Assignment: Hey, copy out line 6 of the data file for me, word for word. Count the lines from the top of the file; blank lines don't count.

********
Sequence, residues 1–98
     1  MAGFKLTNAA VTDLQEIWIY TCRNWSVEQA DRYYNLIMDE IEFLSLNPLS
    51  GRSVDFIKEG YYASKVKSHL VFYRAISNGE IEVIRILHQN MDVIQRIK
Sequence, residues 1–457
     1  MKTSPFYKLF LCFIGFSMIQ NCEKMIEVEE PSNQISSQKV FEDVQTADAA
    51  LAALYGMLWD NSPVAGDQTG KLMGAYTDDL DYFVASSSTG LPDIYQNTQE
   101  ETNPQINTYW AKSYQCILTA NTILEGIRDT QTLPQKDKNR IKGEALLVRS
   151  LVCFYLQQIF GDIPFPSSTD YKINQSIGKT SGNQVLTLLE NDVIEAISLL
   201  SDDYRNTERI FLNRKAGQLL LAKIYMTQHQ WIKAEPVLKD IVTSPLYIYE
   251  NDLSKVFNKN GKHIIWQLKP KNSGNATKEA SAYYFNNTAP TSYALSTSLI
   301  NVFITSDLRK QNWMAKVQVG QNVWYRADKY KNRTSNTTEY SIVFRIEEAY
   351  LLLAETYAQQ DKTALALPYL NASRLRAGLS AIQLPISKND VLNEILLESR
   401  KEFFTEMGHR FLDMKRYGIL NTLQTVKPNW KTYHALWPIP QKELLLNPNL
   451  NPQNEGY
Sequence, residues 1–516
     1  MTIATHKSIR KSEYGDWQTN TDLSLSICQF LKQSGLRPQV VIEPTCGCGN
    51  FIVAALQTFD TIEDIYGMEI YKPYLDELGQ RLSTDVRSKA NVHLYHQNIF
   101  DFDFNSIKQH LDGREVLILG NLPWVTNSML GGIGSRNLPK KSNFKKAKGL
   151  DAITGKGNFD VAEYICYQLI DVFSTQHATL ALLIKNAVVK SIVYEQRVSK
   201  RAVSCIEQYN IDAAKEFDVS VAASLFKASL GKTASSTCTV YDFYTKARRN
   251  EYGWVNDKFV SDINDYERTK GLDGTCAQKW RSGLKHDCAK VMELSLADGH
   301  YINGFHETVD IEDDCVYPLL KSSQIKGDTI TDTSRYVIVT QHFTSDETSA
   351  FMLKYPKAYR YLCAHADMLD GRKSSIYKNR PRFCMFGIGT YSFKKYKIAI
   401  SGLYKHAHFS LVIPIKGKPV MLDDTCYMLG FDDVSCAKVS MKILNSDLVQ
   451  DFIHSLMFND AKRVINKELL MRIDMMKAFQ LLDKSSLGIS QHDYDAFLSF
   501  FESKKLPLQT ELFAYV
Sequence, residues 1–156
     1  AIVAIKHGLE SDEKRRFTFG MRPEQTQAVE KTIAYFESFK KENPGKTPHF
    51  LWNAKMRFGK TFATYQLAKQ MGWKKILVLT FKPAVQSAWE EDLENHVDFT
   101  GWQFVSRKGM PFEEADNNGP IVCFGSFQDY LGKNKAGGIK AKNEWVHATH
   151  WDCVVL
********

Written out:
    51  LAALYGMLWD NSPVAGDQTG KLMGAYTDDL DYFVASSSTG LPDIYQNTQE